My Cricketing Memories – Part I
YOU won’t find a more quintessential cricket ground than Uplyme’s. The village church stands high above the ground, a stream trickles silently around the field and the pub is within staggering distance.
On a hot summer afternoon, it’s just about as perfect as its gets. No wonder all those touring teams from up country wanted Uplyme on their list of must-visit village cricket clubs.
It wasn’t just the cricket, which was always played in a friendly and competitive manner. There were few livelier clubhouses after the game when jugs of beer would be quaffed, awarded for exceptional feats or embarrassing dropped catches, of which there were many.
And then to round the night off, John Stamp would nip up to Charlie Raymond’s farm for a quart or two of his roughest cider which usually sent the visitors to bed totally incapable of speaking or walking.
They were foolish enough to challenge Stomper to a drinking competition. Shirts were discarded and chests puffed out as the hapless city boys tried to out-drink Uplyme’s most thirsty performer.
On one occasion we found one of them in Cats Park in Lyme emptying the contents of his stomach over the municipal flowers without a clue where he was. Apparently he spent the night on one of the park benches.
These and many more happy memories come flooding back as I looked back over the 20 enjoyable years I spent as a player and committee man at the home of Uplyme and Lyme Regis Cricket Club. They were some of the happiest days of my life.
Although I showed a bit of promise as a schoolboy, I was an average second XI wicket keeper and occasional opening bat. At school I won a place in the 1st XI as a fourth former and can distinctly remember facing Rodney Jones who was opening bowler for the Old Boys, a real quickie who revelled in putting the fear of God into us whippersnappers.
Coached by Uplyme’s best players
A few years later I was batting for the Old Boys when the technical drawing and metalwork teacher, G.A Taylor (Gat to all of us) was umpiring. When I asked for a two (middle and on) crease position, he replied “slightly towards the vertical plain boy”. As only Gat would.
I was selected for Dorset Grammar Schools Under 15s with Mike Denham who was a far better batsman than me. As youngsters we were coached down on the King George V playing field by Mike’s father, Ted Denham, headmaster at Uplyme primary, and Bob Mason, a brilliant all-round sportsman.
Ted and Bob were the stalwarts of Uplyme Cricket Club (note no Lyme Regis in those days) and kept the club going for years through good and bad times. Bob’s son Andy followed in his Dad’s shoes, an excellent opening bat and lifelong Uplyme supporter who is now club president.
I didn’t really return to cricket until Dennis Applebee arrived in town from North London to run the WTA hostel at St Alban’s. Dennis played for Edmonton in a good standard of cricket in London and was also a brilliant table tennis player.
Uplyme were at a pretty low ebb when Dennis started to breath some life into the club. He got us all playing again, leading from the front with his leg-breaks or was it off-breaks (none of us were really sure), bowling from the Talbot Arms end and always aiming for what became known as ‘Applebee’s Ridge’, a slight hump which sent the crimson rambler (as BJ Rattenbury always described it) in all directions when Dennis managed to find it.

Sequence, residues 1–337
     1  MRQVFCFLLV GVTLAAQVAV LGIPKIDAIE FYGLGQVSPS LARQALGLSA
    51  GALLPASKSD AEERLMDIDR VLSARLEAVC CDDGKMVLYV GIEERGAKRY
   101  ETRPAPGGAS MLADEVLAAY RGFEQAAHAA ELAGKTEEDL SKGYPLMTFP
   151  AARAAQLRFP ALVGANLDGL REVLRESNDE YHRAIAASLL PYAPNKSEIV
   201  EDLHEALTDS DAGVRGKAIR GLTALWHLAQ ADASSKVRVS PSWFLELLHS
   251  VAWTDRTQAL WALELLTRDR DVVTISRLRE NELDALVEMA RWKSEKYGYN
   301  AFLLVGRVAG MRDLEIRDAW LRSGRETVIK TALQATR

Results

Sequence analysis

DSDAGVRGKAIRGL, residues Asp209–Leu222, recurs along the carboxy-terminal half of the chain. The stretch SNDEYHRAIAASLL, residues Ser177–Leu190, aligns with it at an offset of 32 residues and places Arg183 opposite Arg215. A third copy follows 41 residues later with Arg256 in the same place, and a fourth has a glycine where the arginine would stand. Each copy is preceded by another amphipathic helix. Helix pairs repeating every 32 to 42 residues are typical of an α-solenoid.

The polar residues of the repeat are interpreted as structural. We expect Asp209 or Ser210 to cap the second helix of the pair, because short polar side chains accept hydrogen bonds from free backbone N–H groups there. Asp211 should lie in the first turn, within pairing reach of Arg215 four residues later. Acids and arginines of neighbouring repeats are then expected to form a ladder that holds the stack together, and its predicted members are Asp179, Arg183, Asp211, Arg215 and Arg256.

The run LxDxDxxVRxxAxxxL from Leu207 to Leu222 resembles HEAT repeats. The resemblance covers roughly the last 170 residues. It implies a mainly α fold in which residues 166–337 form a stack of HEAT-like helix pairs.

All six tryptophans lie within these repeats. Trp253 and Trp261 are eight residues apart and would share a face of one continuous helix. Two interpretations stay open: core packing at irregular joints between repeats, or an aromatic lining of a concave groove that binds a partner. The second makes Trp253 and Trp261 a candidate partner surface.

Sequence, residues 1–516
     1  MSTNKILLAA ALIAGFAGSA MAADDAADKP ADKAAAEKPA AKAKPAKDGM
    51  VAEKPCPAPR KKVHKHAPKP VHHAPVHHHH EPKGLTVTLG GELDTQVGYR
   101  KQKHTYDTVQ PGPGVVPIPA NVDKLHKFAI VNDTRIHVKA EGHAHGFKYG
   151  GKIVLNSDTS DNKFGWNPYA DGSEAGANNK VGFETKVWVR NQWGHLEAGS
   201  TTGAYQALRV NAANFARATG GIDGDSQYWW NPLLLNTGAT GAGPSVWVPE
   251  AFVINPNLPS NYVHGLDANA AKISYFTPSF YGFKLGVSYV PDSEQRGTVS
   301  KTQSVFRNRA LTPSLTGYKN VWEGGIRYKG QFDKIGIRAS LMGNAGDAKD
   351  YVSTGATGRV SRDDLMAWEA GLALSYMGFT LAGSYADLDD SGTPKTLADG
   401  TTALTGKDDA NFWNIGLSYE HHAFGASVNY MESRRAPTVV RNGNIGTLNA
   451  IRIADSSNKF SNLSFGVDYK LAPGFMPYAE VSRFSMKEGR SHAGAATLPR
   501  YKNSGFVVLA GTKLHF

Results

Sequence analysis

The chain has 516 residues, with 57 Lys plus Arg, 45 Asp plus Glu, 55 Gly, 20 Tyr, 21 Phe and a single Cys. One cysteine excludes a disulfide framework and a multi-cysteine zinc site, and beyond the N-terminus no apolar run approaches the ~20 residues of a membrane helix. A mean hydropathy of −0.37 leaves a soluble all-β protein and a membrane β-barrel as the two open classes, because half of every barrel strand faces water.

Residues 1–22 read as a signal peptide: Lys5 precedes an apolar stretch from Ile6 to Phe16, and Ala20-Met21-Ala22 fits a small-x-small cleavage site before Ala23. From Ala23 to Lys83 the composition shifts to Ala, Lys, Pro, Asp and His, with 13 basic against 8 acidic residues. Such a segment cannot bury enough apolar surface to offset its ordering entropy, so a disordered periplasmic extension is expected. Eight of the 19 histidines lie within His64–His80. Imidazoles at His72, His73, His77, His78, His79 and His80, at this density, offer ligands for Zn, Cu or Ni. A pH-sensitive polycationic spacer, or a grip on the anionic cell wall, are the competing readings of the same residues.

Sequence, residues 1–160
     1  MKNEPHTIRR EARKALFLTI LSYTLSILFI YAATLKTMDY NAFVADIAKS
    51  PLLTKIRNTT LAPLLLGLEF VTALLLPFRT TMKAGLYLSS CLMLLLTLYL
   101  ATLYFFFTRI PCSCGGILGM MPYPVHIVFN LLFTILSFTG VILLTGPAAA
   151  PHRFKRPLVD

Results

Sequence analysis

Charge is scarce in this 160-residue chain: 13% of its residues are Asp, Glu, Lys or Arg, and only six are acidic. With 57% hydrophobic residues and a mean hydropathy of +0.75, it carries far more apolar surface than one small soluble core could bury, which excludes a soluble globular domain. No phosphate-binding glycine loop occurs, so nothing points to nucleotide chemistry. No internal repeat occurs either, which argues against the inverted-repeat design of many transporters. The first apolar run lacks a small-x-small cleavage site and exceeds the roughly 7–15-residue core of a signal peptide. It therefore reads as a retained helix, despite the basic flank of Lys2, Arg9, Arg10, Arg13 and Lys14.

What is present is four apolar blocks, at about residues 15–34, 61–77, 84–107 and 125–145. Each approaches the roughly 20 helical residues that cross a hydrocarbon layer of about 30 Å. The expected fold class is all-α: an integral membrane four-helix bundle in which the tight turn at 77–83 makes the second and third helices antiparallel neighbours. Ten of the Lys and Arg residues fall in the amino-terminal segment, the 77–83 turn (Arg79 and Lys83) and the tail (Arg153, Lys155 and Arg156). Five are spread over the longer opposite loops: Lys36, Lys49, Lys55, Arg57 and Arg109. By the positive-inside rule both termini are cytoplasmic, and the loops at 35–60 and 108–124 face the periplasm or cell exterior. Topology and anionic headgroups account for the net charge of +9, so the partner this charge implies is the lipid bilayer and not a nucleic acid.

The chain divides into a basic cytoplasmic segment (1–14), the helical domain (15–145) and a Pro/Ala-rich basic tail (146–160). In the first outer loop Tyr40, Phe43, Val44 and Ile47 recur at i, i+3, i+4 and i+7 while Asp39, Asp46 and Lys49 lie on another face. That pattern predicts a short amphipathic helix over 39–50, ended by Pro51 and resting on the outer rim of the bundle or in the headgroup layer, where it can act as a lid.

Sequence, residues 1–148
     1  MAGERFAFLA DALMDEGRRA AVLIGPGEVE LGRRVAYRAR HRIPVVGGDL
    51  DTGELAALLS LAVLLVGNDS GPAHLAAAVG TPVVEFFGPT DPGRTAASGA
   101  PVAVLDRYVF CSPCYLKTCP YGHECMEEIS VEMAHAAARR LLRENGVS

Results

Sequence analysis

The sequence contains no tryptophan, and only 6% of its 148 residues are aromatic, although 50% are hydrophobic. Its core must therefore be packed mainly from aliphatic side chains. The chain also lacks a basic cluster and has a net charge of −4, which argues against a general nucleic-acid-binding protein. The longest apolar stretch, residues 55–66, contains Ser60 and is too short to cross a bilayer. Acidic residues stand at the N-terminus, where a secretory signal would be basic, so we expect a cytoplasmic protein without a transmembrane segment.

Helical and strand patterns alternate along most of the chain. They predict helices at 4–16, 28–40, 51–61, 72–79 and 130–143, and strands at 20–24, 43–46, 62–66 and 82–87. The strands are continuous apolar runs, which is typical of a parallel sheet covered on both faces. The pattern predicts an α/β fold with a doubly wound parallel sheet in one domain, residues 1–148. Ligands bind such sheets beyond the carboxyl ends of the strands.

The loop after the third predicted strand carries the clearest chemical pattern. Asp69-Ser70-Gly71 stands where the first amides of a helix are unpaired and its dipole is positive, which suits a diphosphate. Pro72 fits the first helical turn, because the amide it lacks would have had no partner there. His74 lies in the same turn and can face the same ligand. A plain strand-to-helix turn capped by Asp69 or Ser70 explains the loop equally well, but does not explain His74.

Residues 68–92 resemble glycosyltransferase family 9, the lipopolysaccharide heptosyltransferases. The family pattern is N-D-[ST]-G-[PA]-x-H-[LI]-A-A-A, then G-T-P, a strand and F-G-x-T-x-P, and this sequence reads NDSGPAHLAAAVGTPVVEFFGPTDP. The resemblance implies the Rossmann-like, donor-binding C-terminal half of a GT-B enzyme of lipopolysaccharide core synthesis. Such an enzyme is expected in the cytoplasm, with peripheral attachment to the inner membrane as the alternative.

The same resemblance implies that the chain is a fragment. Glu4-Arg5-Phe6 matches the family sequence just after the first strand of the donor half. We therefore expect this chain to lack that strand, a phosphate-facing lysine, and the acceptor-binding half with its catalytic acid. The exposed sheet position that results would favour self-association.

I have dined out on Dennis Applebee stories in cricket club after-dinner speeches more times than I care to remember. He was one of those chaps you wouldn’t want to share a lift with because you just knew it would break-down between floors, but when it came to organising sporting events, he had no equal.
We fed off his enthusiasm and love of the game and he provided us with so many memories of happy occasions both on and off the pitch.
When Dennis arrived in Lyme the club was desperate for money. So he set about putting that right, utilising his organisational skills to maximum benefit. It was Den who introduced the notorious ‘Gentlemen’s Evening’ to sleepy Lyme Regis, complete with a guest speaker, often from the world of cricket and, of course, a stripper to round the night off.
These were held at various locations around town, including the Buena Vista Hotel, the Royal Lion and the Marine Theatre. For some reason that escapes me, they were always sold out, although not all those who attended had ever touched a cricket ball!
Some of Dennis’ antics have gone down in the folklore of Uplyme Cricket Club. Two immediately come to mind. His wife Sheila used to pack his kit bag and on one occasion she packed his dress shirt in the days when it was all the rage to have a ruff down the front and lacey cuffs. When Dennis went out to toss there were some suspicious looks from the opposing captain as they shook hands!
Later in the game Dennis went for a diving catch off his own bowling. He was a bit stocky to say the least in those days and he hit the ground like a Sunderland flying boat landing and got up with grass stains all down the front of his trendy dinner shirt.
A week or so later he was attending a civic function and was wearing the said shirt but still with the green staines, which clearly had not come out in the wash!
More memories of the golden years of Dennis Applebee in part two of this series and how Uplyme and Lyme Regis Cricket Club (note Lyme Regis had now been added) attracted some of England’s finest cricketers to the King George V playing field and the club’s celebration of its 100th anniversary at Lord’s, the HQ of cricket.